Will and skill

TODD SAELHOF -- Calgary Sun

, Last Updated: 12:09 PM ET


 We've heard it since Day 1 of the 2004 NHL playoffs.

 Skill versus will.

 The skill of the Vancouver Canucks against the will of the Calgary Flames.

 The skill of the Detroit Red Wings against the will of the Flames.

 The skill of the San Jose Sharks against the will of the Flames.

 And now the skill of the Tampa Bay Lightning against the will of the Flames in the winner-take-all Stanley Cup final.

 Turns out the Flames have proved they boast both the skill and will to win not only the Western Conference but also Lord Stanley's mug.

 It's true.

 Never was that made so clear than in Game 5 of the championship series last night at the St. Pete Times Forum.

 Skill propelled the Flames to a 3-2 overtime win, pushing the hometown heroes to within one victory of the coveted Cup.

 The Flames went toe-to-toe with the Lightning in the biggest game of the year and, to boot, on enemy ice.

 They didn't exactly play the physical game that has come to be expected of them.

 And that was especially true after Darryl Sutter's us-against-the-world speech Wednesday.

 You figured the choked Sutter's words would inspire his charges to come out firing on all cylinders, particularly with their renowned physical appetite.

 Instead, the Flames zapped the Lightning with the kind of skill usually reserved for the Bolts themselves.

 "It's not really our game and we kinda want to stay away from that," Flames feisty winger Craig Clark told CBC between periods. "But we've been able to keep up with them and challenge their defencemen."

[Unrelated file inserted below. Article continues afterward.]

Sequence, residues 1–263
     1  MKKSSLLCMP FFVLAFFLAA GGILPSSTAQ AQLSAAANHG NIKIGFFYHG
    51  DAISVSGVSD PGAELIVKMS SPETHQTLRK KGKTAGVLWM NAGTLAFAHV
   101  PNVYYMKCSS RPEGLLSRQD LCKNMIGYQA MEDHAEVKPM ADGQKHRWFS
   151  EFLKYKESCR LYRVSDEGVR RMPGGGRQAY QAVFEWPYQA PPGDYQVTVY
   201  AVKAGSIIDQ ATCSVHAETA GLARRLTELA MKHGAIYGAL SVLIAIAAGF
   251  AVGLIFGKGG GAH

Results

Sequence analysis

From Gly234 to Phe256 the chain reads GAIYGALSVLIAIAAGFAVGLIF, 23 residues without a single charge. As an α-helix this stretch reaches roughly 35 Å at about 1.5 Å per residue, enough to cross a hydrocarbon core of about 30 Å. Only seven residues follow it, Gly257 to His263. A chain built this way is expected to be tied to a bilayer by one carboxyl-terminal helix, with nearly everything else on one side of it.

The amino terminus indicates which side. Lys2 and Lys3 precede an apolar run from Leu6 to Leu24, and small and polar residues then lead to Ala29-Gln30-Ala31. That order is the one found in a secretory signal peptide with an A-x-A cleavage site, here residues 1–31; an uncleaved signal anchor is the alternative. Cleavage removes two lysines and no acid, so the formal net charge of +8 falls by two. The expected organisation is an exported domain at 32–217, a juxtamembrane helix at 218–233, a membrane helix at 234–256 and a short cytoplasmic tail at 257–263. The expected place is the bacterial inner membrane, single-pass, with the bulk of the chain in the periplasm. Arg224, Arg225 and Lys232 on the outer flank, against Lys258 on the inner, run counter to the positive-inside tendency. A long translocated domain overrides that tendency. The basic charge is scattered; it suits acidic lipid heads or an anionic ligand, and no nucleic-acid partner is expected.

Heck, Clark and Co. completely dominated the skill and skating aspects of Game 5. Paying no mind to the high-octane Lightning, the Flames opted to gamble by boldly accepting the offensive challenge at hand.

 Sure, the Bolts were able to find the offensive spark when they needed it, particular right from the git-go in the third period to tie the game on a powerplay.

 But it was the Flames' fast-stepping by their foes and out-manoeuvring the opposition nearly all night.

 It resulted in at least 15 odd-man rushes for the Flames, which was hardly expected in such a tight series.

 In particular, Sutter's troops rolled the dice in the second period.

 With the Lightning looking to open up play, the Flames went with it to out-chance and out-score the hosts.

 The visitors consistently found the late man coming into the zone and moved the puck around at will to sidestep the would-be shot-blockers of the Lightning.

 In fact, the 2-1 deficit at the end of 40 minutes could have been worse for the Bolts if not for a number of stellar saves made by goaltender Nikolai Khabibulin.

 In particular, the 'Bulin Wall kept turning away Iginla until the Flames captain finally beat him on a surprise shot from the far boards.

 Call that goal and the OT marker -- and the game itself -- just rewards for an effort that put the Flames on the map as a team with more than emotion and perseverance at their command.

 They proved they know how to move the puck and find ways to beat Khabibulin in his best game (with the exception of Iginla's goal).

 That was supposed to be the Lightning's strength in trying to find holes in the amazing Miikka Kiprusoff.

 Yet the Flames claimed skill as their own to put themselves one game away from the Stanley Cup.

 No ... it's not just will stepping up to push the Flames.

 It's will and skill.


Videos

Photos